Chinese characters have three characteristics – the reading, the writing and the meaning. There is more information embedded within them than Roman characters – the letter a for example has no inherent meaning, and there are a whole host of ways of saying it! By contrast, Chinese characters often (but by no means always) only have the one pronunciation, and they also have a [generally] consistent meaning that contributes to compound words.
What does that mean for learners? 女 (leoi) means “female”, and 人 (jan) means “person”. If the two are put together we get 女人 (leoi jan), “woman”. 仔 (zai) means “child” in Cantonese; 女仔 (leoi zai) means “girl”. Knowing 皇 (wong), emperor, the meaning of 女皇 should be no surprise!
Okay, maybe that’s not really news to most people, but I was a little surprised when I first found out there are some exceptions. Example: 酒店 (zau dim) means hotel, but is strangely made up of the characters for “wine” and “shop”. It even has another misleading synonym, 飯店 (faan dim), which is literally “food shop” (if anyone knows the etymology of these words, I’d be really interested!)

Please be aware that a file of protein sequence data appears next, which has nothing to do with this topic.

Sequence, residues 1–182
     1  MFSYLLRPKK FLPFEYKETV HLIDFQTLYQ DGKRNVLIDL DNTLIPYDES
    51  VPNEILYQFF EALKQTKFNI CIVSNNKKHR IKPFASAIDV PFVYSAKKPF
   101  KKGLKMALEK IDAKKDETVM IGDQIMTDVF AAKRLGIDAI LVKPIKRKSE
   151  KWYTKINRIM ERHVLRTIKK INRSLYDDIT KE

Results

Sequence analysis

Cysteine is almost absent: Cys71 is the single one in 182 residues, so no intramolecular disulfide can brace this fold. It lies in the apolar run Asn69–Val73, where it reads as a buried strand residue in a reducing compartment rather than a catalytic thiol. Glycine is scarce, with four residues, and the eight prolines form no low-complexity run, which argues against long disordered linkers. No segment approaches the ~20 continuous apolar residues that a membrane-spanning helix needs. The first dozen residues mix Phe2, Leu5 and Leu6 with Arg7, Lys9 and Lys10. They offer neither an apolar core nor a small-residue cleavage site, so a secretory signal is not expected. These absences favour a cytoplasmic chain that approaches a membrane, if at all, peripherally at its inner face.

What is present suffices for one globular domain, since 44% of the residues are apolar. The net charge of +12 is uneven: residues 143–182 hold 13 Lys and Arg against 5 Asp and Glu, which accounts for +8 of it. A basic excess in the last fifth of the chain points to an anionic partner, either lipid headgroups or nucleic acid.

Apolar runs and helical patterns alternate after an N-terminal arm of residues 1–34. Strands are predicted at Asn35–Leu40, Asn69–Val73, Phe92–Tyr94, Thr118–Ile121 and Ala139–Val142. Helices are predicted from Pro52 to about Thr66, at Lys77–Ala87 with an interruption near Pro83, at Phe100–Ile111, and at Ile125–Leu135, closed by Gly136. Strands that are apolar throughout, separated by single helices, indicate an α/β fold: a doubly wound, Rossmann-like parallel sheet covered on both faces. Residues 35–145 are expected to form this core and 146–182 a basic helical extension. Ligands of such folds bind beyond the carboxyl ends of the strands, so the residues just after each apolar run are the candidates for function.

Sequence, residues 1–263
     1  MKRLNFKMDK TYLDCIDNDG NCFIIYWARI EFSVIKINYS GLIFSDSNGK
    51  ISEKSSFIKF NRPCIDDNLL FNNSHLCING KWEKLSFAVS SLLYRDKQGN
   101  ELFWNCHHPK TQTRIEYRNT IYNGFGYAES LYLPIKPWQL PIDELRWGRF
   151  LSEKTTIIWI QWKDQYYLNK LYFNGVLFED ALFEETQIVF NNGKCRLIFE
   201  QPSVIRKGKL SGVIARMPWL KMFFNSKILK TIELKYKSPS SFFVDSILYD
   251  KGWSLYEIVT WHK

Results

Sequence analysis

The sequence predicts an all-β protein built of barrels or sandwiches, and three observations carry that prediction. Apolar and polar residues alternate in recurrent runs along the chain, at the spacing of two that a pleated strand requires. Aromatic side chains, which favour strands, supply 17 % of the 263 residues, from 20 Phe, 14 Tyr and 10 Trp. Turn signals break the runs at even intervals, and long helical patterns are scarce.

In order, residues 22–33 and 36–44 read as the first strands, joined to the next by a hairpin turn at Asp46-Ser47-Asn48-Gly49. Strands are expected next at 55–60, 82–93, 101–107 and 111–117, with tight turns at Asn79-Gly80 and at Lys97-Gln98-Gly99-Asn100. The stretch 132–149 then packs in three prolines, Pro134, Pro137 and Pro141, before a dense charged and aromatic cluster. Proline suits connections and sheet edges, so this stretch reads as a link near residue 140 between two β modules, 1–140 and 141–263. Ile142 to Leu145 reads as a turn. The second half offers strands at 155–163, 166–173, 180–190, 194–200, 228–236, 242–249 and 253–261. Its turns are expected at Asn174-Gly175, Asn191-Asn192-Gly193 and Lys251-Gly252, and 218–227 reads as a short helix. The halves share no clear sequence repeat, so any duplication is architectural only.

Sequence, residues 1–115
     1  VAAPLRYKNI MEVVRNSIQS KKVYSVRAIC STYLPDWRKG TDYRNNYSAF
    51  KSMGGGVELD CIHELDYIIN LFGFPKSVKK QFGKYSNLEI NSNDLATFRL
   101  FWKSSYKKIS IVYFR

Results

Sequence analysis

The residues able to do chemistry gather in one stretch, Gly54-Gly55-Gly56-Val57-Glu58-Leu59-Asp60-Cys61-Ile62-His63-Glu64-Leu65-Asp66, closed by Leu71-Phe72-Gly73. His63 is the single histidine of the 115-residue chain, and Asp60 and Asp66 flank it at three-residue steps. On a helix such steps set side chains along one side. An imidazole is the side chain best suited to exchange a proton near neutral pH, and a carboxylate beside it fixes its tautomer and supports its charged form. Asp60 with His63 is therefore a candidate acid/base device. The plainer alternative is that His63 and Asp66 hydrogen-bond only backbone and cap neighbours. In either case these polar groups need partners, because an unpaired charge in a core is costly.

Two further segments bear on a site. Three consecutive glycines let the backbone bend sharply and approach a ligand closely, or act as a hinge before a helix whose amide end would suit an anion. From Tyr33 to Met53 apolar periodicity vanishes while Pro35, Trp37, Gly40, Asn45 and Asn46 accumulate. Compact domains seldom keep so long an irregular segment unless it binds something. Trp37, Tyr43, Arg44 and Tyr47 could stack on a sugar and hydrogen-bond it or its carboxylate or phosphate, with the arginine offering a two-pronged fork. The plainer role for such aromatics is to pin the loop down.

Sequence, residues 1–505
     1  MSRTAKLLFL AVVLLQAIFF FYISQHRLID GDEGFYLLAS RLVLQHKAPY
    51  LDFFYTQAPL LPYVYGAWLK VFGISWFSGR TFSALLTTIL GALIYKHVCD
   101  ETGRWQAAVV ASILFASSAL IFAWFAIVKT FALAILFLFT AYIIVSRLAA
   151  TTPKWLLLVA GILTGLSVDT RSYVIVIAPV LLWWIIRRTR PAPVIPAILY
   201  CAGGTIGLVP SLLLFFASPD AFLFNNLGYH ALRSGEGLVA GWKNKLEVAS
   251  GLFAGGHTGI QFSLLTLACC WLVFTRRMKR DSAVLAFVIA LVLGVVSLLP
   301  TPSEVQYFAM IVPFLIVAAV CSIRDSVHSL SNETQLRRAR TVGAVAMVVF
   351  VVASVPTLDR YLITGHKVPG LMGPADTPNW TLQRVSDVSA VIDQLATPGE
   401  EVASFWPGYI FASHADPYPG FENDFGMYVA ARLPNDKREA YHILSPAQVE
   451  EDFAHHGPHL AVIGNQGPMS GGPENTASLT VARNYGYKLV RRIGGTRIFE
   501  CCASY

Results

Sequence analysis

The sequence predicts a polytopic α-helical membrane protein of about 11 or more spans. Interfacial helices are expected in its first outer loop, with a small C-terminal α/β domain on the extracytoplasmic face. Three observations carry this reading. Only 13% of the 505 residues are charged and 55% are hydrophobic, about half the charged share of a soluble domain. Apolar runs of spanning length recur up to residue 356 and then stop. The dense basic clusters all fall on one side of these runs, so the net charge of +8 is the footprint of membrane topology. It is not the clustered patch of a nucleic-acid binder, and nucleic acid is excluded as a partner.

Something I’ve found is that the meaning of Chinese characters generally makes learning new, composite words much easier. The most common 3,000 characters make up 99% of words; I’ve found that after the initial work done in learning new characters and their pronunciations, learning words made up of already-mastered characters is almost no work at all.
I think this is because once you have a flavour for the meaning of a character, composite words effectively have memory-aids built-in – as above, I remember hotel as “wine shop”; other examples include 冇嘈 (mou cou), “shut up” (literally “don’t-have noise”) and 面具 min geoi “mask” (remembered as “face tool”).
I’m always surprised when people say they want to learn to just speak Mandarin or Cantonese – although there is a barrier to learning them (perceived or otherwise), once you’ve got them under your belt, Chinese languages are really quite easy – much easier than if you didn’t know the meaning of each syllable. Also, contrary to common belief, the pronuciations aren’t random either – usually part of the character gives a clue as to how to say it.
P.S. If you’re finding the Romanization difficult to read, don’t worry too much! It’s a little… offbeat 😉